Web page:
To-many relationship with foreign keys: best practice

I’m using Sync. I have some data in a collection in a PUBLIC realm, accessible by all users, and a collection of private objects in each user’s personal Realm. I want to setup a many-to-many relationship between these two collections.

Since the collections are not in the same Realm, I have to use foreign keys (strings, the type of my primary keys). I can get back the object by querying the primary keys.

For a list (to-many relationship), here’s what it would look like (example in Swift):

class PublicData: Object {
    @objc dynamic var _id: String = ""
    override class func primaryKey() -> String? { return "_id" }

    // ...
}

class PrivateObject: Object {
    var publicDatas: List<String>

    // ...

    var realData: [PublicData] {
        return Array(publicDatas.map { id in
            publicRealm.object(ofType: PublicData.self, forPrimaryKey: id)!
        })
    }
}

My question: is that efficient, querying primary keys in a loop? Is there a better way to do this, am I missing something?

Hi @Jean-Baptiste_Beau,

Would that make more sense to use the Realm partition key to sync and filter on the MongoDB Rules side the data which is public or specific user id oriented.

Then it feels like you can verify who sees what rather than using relationships which are not so recommended for MongoDB architctures.

Best regards,
Pavel

Hi @Pavel_Duchovny,

Thank you for your reply. However, I’m not sure to understand your point.

The goal of having my static data sitting in a ‘PUBLIC’ Realm is to be able to update it if needed.

Basically, my users will sync to two Realms:

  • the ‘PUBLIC’ realm: read-only for users; the data exists once on the MongoDB database, and all the users sync to it.
  • their personal realm: read and write. There will be one personal Realm for each user.

If I’d want to use only one Realm instead of two, I’d have to copy the static data in every user Realm. The data is not that big, but still this solution feels bad, and I’m not sure maintenance would be easy for this.

Does that address your point or have I misunderstood your answer?
Thanks a lot!

Hi @Jean-Baptiste_Beau,

I think the following section should answer most of your concerns:

https://docs.mongodb.com/realm/sync/partitioning/#example-partitioning-data-across-groups

It feels like some parts of the presented design covers your idea. Let me know if you still have questions.

Best
Pavel

@Pavel_Duchovny in the given example, there are indeed multiple Realms, including one ‘PUBLIC’ and some others, same case as mine. The examples however don’t explain how to structure relationships in this case, since you can’t make relationships between objects in different Realms.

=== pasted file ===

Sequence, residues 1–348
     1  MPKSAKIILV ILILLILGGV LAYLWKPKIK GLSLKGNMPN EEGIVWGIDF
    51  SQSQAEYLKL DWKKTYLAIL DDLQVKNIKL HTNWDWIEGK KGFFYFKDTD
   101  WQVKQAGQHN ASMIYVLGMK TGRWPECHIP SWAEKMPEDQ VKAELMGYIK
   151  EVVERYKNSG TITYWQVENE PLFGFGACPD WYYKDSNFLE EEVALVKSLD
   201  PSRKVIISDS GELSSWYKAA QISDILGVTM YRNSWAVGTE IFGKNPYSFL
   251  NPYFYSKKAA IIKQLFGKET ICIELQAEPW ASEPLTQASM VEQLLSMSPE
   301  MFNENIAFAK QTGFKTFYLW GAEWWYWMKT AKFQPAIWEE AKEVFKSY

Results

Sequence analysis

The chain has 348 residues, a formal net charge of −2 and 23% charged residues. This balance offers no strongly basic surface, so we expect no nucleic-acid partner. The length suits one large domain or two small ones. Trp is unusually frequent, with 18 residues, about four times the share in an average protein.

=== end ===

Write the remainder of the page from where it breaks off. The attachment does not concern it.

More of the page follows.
Do you need to store IDs as strings and query the associated objects with a regular query? Or can you somehow structure this in such a way you can have “real” relationships?

Hi @Jean-Baptiste_Beau,

Realm allows you to set relationships in your code:
https://docs.mongodb.com/realm/node/relationships/index.html#key-concepts

As well as on the collection rule side under the relationship tab you can define a list type which is many to many:
https://docs.mongodb.com/realm/node/collections/index.html#list-collections

Best
Pavel

@Pavel_Duchovny Yes, but these relationships don’t work for objects located in different Realms. How to proceed then?

Hi @Jean-Baptiste_Beau,

What do you mean? What kind of relationship will be there??

@Pavel_Duchovny I recreated a small example similar to my situation:

Say that I have two schemas:

{
  name: "Theme",
  primaryKey: "_id",
  properties: {
    _id: "string",
    _partition: "string",
    name_fr: "string",
    name_eng: "string",
    description_fr: "string",
    description_eng: "string",
  },
}

{
  name: "JournalEntry",
  primaryKey: "_id",
  properties: {
    _id: "string",
    _partition: "string",
    title: "string",
    text: "string",
    theme: Theme,
  },
}

The themes would be public and static. The journal entries would be added by users, and private. This means that I need to use two Realms, one for the partition key PUBLIC, where the themes will be, and one for each user with partition key user_id.

However, I still want a relation between these two objects. In this example, I made the relationship the standard way (theme: Theme), but this won’t work since the objects are in different Realms.

Therefore, from what I understand, I have two solutions:

  1. copy all the themes to each user Realm.
    +: I can use the relationship like above
    —: If I want to update a static data, It’s a nightmare
  2. instead of a theme, store in the journal entries theme_id: string, and query the theme when I need it using the normal realm.object(type, primary_key).
    +: I can update the static data easily
    —: well, that is my question kind of. I find this solution a bit “ugly”, but I’m not really sure what it implies. It needs an additional query, but if the data is synced locally I believe it’s not so much overhead. Is is something that I used by developers in the same situation?

I hope I managed to made myself clearer. This public data / private data combination seems a quite common use case to me, and yet I can’t find any doc that addresses this specifically. What do others do in this case? Did I structure something wrong?

Hey @Jean-Baptiste_Beau,

Shame there isn’t an answer to this, I am about to implement something similar myself. Out of interest did you find a good solution?

Many thanks!

Will

@Jean-Baptiste_Beau Yes - this is exactly what we recommend. You can see a presentation I did that covers this topic - here:

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